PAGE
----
One of the fun things about following the Valley League is that it’s really, really hard to predict what a certain season might entail. As the summer unfolds, the story lines do, too, and then we can see what we might remember about this season ten years from now. In 2017, for example, it was a lithe Division-III shortstop who came to Charlottesville and hit a combined .428- the best in the last 14 years at least. So 2017 shall be evermore dubbed the “Michael Wielansky Year.”
Well, if he continues hitting home runs at the pace he’s set so far, this year just may be remembered as the “J.D. Mundy Season.”
Through July 12th, Covington’s Mundy has hit 359/485/757, with 28 runs, 37 RBIs, 5 doubles, and 12 home runs, with a 22/26 BB/K ratio to boot. He was the South All-Star MVP as well after going 2-5 with a double and triple. If the season ended right this second, his slugging percentage would be the highest the league has seen since 2004, and his home run total would be tied for 11th in the span of 2004-2018.
JD hit 232/378/442 as a freshman at Virginia Tech, and followed it up with a 257/376/456 sophomore season in 136 at-bats. He also hit 281/350/481 in the Northwoods League in the summer of 2017.
JD took some time during the All-Star festivities to answer a few questions:
ATVL: You have 12 home runs so far this year. It’s the most I’ve seen at this point of the year. Tell us what’s going on.
JD Mundy: Right now I’m just seeing the ball well. I’m not trying to hit home runs, just sticking with an approach, just trying to square up the fastball, and good things are happening right now.
ATVL: Have you ever been on a tear like this before?
JD: Not with the home runs like this, no. But just with the hitting, the power is just coming as I get older, instead of hitting a long fly, the ball is carrying out.
ATVL: What’s your approach at the plate?
JD: Well, anything straight early, I’m definitely sitting on that. With a lefthanded pitcher I’m mostly trying to go to left field. Just, early in the count trying to get a good pitch to hit, and hit it hard somewhere.
ATVL: You’re from Roanoke, so you’re kind of a Valley guy. How did you get connected with the league?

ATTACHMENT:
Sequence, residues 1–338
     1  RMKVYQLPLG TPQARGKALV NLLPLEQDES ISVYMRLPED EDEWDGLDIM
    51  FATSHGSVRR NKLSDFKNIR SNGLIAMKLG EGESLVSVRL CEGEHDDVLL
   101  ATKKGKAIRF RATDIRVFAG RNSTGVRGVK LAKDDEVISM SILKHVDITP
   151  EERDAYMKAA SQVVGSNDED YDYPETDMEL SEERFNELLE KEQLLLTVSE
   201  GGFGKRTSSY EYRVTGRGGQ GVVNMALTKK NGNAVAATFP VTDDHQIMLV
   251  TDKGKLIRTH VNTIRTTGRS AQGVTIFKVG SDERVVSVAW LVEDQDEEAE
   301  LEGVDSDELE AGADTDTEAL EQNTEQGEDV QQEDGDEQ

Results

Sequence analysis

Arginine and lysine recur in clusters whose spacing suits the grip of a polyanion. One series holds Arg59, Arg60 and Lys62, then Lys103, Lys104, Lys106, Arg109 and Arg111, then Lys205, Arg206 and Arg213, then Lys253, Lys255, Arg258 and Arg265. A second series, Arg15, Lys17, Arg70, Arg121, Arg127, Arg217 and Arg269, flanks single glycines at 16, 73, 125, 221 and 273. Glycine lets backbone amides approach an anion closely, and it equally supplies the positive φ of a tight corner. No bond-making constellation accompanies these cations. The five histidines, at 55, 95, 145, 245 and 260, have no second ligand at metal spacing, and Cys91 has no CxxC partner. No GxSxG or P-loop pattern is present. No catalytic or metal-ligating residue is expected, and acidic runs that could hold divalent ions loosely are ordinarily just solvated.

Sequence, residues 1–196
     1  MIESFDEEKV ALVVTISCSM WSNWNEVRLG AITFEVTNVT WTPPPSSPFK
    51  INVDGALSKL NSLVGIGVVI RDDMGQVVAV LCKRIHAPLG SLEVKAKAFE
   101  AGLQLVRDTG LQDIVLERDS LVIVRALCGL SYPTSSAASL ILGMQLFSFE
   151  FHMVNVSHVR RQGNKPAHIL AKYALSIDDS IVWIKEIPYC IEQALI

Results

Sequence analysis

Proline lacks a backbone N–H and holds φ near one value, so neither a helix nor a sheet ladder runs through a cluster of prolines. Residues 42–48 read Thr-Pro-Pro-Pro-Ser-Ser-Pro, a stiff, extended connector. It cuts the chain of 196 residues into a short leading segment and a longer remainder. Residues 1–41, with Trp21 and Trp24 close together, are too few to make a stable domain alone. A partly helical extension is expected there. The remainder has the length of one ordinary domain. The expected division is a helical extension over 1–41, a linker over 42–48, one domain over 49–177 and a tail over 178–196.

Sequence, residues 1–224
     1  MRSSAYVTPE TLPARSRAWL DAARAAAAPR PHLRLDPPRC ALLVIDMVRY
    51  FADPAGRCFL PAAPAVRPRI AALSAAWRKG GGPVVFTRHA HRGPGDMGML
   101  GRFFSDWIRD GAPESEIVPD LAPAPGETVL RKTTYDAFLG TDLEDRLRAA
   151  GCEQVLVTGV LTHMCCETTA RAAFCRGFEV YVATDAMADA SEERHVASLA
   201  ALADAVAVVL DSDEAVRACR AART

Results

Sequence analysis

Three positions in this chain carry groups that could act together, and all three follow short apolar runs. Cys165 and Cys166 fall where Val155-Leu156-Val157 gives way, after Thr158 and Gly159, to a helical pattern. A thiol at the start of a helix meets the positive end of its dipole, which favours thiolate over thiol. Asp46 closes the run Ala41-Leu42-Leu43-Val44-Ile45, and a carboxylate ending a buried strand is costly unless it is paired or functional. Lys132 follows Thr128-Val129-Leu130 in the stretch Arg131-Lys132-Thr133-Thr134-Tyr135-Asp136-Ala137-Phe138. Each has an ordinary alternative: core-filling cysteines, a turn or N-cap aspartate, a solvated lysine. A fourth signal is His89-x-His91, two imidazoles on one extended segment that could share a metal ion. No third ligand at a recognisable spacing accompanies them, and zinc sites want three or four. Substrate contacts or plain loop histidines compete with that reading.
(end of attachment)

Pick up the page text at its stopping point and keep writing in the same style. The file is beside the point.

JD: I was supposed to go to Vermont to play, but because I’m transferring I wanted to stay close to home. [Coach] Alex [Kotheimer] got me on the team. My uncle knew a guy from the team, and that’s how I ended up there.
ATVL: Is this your uncle Kelly? [Who played pro ball- was drafted in 1997]
ATVL: So you’re transferring to Radford. Tell us your reasoning.
JD: Well, he actually went to Radford, too, and played middle infield with the head coach there when he used to play, so I went up there the next few days after it was put out that I was transferring, and I loved it up there. So I’m proud to go up and play for Radford now.
ATVL: So what are you hoping to get at Radford?
JD: I would say more opportunity to play the field. I played the field some [at VT], but I wanted to play third some at Radford. That’s it. Opportunity to play the field.
ATVL: I had heard that from a Covington person. DH eliminates you from half the major league clubs, so I get that. So you played for the Battle Creek Bombers in 2017. We need a comparison between the Northwoods and the Valley League.
JD: Oh man. Northwoods is a grind, man. That’s 70-some games in a row. It was a great experience; I still talk to the guys. We had a really good team. Me and my buddy from Tech went up there; we went to the championship game and lost, but that was a great experience, being a part of the Northwoods League.
ATVL: So what does the Valley do that the Northwoods does not?
JD: Not play 70 games! We’ve got off days here.
ATVL: So you found the grind to be somewhat difficult?
JD: Well, I wouldn’t say difficult, it’s just when you’re going a little cold hitting the ball, it’s good to have an off day to regroup and come back out the next day.
ATVL: The crowds are bigger out there, right?
JD: Well, yeah, but the team I played for didn’t really have big crowds. The [Madison] Mallards had big crowds; they had a nice stadium. A couple other teams too. It was about the same as now.
ATVL: How about the travel? Was it similar?
JD: No, I was playing in Battle Creek, Michigan, which was about 6-7 hours away from everyone else. So when you go away, you play a three-game series and stay in a hotel. I think it’s good to go two hours and then come back, sleep in your own bed.
ATVL: A broad question- what makes you you? If you were to describe yourself to someone?
JD: I wouldn’t say I have just one thing. I’m just really passionate about the game. I really love coming out to play, work really hard on hitting and fielding. The love for the game really keeps me going. I just love to play the game.
Thanks for your time, JD, and good luck chasing the home run record!